Andy Summers’s review published on Letterboxd:
Scarface over the last thirty years has attained cult status as a crime classic. Directed by Brian De Palma with a blood-soaked screenplay courtesy of Oliver Stone, Scarface is not for the fainthearted. Featuring a tour de force of maniacal menace from Al Pacino this doesn't paint Cubans in a very flattering light and copped flak from ex-pats living in the US. for its portrayal of their countrymen. Drug-fueled and violent, the birth of Tony Montana and Pacino's second most iconic character is sensational.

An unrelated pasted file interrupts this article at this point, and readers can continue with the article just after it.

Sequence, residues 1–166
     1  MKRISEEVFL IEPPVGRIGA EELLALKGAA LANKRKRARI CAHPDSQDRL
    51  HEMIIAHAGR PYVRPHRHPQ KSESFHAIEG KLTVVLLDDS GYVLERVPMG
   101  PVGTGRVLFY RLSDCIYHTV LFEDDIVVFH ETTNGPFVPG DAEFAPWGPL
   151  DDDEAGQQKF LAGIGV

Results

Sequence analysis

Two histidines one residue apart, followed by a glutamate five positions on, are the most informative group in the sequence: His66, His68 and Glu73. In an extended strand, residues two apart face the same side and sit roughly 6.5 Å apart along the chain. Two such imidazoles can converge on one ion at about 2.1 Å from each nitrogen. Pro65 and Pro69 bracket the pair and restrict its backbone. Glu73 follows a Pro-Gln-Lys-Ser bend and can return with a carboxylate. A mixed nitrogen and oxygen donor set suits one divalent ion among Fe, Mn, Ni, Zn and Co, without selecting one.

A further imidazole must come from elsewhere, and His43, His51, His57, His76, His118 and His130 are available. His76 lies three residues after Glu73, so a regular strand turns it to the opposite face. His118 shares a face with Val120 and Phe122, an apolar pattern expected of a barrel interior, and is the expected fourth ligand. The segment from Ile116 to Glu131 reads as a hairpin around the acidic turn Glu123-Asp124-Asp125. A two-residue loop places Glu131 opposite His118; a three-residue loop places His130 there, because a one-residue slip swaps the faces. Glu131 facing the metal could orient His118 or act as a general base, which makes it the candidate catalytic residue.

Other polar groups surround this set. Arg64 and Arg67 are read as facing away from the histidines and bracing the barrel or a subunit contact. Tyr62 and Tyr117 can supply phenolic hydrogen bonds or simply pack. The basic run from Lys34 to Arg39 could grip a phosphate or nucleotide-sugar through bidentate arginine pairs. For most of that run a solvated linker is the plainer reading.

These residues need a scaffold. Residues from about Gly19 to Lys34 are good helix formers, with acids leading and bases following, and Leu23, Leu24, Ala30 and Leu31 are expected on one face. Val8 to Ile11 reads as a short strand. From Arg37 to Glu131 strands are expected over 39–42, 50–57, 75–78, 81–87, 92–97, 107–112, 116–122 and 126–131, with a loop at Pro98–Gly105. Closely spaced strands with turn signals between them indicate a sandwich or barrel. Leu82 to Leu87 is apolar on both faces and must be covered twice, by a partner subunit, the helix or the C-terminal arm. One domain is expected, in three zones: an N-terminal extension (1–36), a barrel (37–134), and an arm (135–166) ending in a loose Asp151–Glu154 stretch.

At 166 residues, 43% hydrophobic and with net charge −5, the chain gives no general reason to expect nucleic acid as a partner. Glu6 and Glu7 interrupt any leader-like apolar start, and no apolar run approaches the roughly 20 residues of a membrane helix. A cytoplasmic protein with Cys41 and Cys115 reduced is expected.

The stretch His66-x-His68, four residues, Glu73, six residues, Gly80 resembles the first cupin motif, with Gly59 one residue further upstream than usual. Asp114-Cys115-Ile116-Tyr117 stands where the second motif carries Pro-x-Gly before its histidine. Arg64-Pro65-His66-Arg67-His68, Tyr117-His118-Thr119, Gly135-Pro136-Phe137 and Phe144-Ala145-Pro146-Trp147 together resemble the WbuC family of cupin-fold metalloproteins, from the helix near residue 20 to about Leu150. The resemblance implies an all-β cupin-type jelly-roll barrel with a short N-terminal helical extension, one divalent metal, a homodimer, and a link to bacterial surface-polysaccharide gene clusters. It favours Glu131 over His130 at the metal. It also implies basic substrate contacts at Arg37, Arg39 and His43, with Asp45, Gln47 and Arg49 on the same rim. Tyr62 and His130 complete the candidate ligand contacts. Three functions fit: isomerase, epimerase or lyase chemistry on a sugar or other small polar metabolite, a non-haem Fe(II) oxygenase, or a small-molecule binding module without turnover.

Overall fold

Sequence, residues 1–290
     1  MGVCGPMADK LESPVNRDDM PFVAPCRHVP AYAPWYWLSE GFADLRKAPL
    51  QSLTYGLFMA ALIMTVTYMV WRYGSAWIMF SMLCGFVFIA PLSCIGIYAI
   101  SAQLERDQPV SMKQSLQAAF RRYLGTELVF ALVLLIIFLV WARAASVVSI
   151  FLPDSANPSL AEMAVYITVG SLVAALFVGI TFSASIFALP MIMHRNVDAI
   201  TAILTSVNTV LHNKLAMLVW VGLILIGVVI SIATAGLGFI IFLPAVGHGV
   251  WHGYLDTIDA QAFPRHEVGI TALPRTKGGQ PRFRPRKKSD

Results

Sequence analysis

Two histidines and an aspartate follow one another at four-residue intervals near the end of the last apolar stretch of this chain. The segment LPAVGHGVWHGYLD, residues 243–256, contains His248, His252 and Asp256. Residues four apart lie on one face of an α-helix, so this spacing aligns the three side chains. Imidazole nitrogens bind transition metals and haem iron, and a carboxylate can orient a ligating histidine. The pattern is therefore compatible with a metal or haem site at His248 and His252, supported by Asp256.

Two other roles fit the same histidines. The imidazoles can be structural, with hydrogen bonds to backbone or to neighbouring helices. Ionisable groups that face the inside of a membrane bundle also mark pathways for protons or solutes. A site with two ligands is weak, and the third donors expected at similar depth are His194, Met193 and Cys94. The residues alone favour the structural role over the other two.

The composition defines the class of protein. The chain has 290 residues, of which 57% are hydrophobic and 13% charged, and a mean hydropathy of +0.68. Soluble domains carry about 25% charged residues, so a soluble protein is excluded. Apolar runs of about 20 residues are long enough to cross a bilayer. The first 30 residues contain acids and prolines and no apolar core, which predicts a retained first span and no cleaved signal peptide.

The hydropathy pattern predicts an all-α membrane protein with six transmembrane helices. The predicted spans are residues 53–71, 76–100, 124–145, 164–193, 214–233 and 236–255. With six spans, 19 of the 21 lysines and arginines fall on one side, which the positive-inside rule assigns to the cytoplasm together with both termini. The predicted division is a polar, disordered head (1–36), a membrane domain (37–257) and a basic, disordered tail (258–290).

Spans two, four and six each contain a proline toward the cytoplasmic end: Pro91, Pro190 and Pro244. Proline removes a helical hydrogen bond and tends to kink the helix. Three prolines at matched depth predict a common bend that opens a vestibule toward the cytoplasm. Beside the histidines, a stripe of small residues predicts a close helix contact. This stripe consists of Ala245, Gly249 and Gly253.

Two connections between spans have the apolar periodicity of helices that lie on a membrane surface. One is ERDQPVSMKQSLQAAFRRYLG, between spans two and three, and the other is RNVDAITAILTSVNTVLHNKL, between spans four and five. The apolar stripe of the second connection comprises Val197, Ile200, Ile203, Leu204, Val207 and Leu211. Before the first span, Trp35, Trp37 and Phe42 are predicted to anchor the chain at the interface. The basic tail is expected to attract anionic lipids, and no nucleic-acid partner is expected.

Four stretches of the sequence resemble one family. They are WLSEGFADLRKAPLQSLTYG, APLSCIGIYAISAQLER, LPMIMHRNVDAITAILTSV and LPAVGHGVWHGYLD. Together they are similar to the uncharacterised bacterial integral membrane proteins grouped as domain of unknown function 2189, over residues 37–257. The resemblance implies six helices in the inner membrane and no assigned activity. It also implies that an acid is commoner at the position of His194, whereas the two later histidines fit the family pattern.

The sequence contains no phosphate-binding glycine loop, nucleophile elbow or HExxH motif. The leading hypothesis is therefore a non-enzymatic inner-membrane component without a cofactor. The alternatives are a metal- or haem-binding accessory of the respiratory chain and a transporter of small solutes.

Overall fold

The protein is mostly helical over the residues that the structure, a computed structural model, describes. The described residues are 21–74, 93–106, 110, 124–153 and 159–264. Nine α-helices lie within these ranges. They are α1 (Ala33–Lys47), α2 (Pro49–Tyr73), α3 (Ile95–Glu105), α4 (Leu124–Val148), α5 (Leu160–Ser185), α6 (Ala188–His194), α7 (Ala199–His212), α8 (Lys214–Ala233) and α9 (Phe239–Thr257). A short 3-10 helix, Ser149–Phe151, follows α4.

It's 1980 and Cuban refugee Tony Montana is prepared to do anything to rise through the criminal ranks and make a name for himself. Cue chainsaws, machine guns, and copious amounts of cocaine that turn little Tony into a big-shot. Drug kingpins have never been as ruthless or determined as Pacino's, and even though there are many other interesting turns in De Palma's movie from the likes of Michelle Pfeiffer,Steven Bauer, and Mary Elizabeth Mastrantonio (almost unrecognizable), this is all about Al. Pacino is repugnant as the anti-hero whose mixed-up sense of family responsibility for his younger sister shows his psychotic side. Montana is a powderkeg waiting to explode at any moment and that's what makes him so compelling. It's a film full of quotable dialogue, scenes that will linger in the mind, and Pacino's now trademark snarl, but this won't be for everyone. Too violent? Too many fuck words? Too much blow? The choice is yours, but De Palma certainly made a film that got people talking.